Oy. Warmed-over Libertarianism, anyone?
Anyway: I'd like to point out something from the article I think is silly, sort of in the same vein:
"The problem today is prices are prohibitively high for the average consumer," says Gartner analyst Joseph Unsworth. "When you consider a hard drive, you can get a terabyte for about $90. If you look at an SSD -- the Intel one I had with 160GB was $400. The point here is SSDs will never, ever be able to match hard disk drives on price per gigabyte."
Let's leave aside any regards we may have for the opinion of an "analyst". However I find his statement to be especially pernicious because he has completely ignored the scale-of-production factor with cost, i.e. the same thing which was pushing down prices before...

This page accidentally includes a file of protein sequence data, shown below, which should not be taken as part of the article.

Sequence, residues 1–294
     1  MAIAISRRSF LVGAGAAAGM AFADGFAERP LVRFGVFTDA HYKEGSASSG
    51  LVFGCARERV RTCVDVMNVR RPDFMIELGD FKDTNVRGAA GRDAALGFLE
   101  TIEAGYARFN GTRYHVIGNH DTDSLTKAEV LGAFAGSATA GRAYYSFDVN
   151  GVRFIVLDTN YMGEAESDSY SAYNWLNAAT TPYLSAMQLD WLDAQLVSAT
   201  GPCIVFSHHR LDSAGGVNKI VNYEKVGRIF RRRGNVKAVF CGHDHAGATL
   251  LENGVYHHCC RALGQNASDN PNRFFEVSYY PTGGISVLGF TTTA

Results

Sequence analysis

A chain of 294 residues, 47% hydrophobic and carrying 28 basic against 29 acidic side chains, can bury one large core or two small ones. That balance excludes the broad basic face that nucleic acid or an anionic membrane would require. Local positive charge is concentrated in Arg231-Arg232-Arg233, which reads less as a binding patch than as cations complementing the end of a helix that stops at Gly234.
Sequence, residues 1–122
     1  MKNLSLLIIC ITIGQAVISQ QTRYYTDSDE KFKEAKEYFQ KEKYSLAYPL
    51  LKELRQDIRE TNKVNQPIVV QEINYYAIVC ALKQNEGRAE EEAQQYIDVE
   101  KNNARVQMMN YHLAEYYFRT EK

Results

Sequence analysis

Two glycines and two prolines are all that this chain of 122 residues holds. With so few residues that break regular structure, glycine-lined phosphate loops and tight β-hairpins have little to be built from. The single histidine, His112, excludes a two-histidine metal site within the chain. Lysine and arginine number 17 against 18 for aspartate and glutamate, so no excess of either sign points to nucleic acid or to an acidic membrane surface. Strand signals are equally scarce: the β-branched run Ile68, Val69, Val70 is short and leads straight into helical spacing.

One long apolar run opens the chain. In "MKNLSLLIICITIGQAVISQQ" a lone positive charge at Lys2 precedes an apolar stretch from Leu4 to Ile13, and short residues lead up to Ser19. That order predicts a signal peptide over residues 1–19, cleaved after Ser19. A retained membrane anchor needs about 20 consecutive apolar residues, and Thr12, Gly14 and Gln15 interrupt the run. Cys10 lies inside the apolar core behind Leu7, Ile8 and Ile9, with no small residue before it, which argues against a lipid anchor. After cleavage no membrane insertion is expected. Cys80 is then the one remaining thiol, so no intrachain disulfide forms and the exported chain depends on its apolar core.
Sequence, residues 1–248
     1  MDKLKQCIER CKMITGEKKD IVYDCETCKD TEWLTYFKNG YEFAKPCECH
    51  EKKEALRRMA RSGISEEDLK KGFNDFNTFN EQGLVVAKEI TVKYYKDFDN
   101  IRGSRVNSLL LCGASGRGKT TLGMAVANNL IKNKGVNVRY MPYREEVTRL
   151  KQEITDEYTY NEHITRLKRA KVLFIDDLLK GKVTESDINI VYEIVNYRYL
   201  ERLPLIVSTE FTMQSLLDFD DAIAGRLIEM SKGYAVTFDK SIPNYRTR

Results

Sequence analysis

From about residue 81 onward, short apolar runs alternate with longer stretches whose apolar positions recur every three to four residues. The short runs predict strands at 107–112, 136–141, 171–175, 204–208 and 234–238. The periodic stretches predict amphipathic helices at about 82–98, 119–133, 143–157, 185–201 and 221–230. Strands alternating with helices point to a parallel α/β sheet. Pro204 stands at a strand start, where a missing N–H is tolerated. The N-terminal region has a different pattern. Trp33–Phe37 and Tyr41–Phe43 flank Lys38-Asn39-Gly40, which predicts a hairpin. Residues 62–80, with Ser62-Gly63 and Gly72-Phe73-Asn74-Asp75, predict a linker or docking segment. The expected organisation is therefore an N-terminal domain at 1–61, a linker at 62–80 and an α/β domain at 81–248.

To illustrate my point? Look up the price of any DIMMs of DDR2 or lower speed, and note that prices are higher than when they were at peak production. Why? Well duh--good ol' supply and demand--and where supply exceeds demand, prices drop; and where they do not, prices rise.
My point? In sum: microeconomics is a good explanation of what happens here. At the macroeconomics level, however, the supply-demand fulcrum is overswung by the usual "madness of crowds" et al.